Should You Give Your Work Away? The Free Sample Debate
There’s an ongoing conversation in a one of my freelance writing forums on LinkedIn about whether it’s a good idea to give a prospective client a free writing sample. Don’t do It. I speak from experience. I’ve done it.
I had a shot at a writing job for a start-up men’s skincare website. I went through 3 rounds of interviewing; the initial inquiry which included writing clips, the second round was a questionnaire and then the request for a short article based on a topic they gave me. I did all of that; I really wanted this gig. I got the gig, and yet I didn’t. That’s another story, but here’s why I wrote the article. I was trying to get this 20-something year old guy to see that I could write for men, ages 18-35. They needed to see material specifically geared to that audience, in the voice they wanted for their website/blog. It worked….sorta (I promise to share that story another time).
Should a freelance writer give away her work?
When you apply for a position, you typically send a resume and writing clips. Those clips show your skill as a writer, specifically on topics related to the job you’re pitching. Your cover letter should state why you think you’re the best candidate and talk about your ability to write on their subject matter. That should be enough.
One of the comments from the forum pointed out that many potential clients worry you’re a fake. I guess that’s a possibility, a slim one. It’s just as likely that the prospective client is a fake. If your writing work is online then you can reference and link to that work. You can provide references to verify your experiences. The person in charge of hiring can ‘google’ your name to find evidence of who you are. If the client isn’t willing to do a little work to see who they’re about to hire, then you don’t really want to work with them, do you?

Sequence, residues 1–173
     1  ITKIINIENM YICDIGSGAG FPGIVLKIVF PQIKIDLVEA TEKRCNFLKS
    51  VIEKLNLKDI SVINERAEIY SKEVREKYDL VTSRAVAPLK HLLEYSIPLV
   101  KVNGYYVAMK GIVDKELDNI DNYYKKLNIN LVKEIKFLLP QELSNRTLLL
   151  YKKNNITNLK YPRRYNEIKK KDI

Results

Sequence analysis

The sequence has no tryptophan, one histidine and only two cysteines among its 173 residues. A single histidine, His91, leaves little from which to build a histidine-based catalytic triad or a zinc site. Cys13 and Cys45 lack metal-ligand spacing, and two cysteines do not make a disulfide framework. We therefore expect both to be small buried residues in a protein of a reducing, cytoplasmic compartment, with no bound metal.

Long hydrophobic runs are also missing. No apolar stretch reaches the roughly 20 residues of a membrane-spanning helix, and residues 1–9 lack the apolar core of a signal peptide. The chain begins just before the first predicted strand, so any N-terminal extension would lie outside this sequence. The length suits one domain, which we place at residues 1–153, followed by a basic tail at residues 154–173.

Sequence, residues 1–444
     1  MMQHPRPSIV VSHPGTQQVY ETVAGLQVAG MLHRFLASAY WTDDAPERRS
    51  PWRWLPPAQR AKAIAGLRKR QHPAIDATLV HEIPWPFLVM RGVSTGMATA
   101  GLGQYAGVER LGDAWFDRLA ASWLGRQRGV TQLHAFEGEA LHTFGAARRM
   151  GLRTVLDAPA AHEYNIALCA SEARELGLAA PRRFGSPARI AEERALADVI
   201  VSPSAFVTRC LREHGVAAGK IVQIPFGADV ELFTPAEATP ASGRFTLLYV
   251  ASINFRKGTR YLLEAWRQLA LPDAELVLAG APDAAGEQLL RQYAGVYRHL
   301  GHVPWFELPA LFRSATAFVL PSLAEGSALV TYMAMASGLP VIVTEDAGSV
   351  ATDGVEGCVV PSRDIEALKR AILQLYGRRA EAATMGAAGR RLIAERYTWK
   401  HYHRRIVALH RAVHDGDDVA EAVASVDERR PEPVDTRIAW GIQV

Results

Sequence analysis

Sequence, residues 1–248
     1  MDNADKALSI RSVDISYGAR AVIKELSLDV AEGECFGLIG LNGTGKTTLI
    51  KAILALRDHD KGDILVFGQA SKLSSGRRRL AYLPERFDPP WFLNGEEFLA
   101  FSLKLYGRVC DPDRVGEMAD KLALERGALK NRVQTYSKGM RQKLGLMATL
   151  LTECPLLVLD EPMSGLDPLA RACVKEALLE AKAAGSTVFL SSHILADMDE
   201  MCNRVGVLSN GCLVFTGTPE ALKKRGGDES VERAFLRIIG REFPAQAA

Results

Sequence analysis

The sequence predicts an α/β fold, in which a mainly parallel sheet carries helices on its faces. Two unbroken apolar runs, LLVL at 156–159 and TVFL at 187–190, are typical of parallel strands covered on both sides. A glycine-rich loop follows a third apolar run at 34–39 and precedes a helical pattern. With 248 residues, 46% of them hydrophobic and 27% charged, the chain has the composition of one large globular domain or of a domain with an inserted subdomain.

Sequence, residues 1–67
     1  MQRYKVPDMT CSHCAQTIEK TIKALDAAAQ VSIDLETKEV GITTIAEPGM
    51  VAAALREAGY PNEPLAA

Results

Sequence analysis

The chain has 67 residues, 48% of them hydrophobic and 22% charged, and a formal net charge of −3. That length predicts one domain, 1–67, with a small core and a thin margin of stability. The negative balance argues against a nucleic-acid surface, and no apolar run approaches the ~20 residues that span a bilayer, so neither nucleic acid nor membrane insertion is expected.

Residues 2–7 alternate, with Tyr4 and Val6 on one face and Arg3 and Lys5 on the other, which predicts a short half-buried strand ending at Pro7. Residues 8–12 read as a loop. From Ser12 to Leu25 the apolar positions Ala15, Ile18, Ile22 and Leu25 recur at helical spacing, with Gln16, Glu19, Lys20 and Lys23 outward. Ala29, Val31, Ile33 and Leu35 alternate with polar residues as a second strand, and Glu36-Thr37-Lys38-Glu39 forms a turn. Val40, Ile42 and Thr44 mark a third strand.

If that’s not enough and you’re still being pressured to provide a free sample I’d consider walking away. This client has ‘trust’ issues or is a scammer trying to get free material. You’re likely to spend your valuable time writing for him only to have him disappear–with your work.
There will be times when you have to use your judgement in replying to a client request. When I see a job listing that asks for samples, I walk away. That person probably doesn’t understand the value of my work. If the request comes halfway through our process of negotiating I am going to talk them down, if possible. A reasonable alternative is to suggest one paid article before settling on a longer term contract. That saves face and gives both parties a way to see if the arrangement will work.
You are a writer.
Writing is what you get paid to do. I can guarantee you that no one asks a hair stylist for a free haircut before making an appointment, or asks the car mechanic to do half of the job first. Why assume that a writing project is any less important? It’s about the value of your work and holding clients and yourself to higher standards.
If you’re new to freelance writing you may feel more pressure to give away your work. I would urge you not to do that even if you don’t have any published work to share. Start a blog or write an article and publish it on one of the free article marketing sites. Share those articles as examples of your work.
As a freelance writer you make a living from your writing. Your hard work and dedication needs to be recognized. When someone asks for a freebie, feel free to walk away.
What do you think? Is it OK to give away samples of your work?
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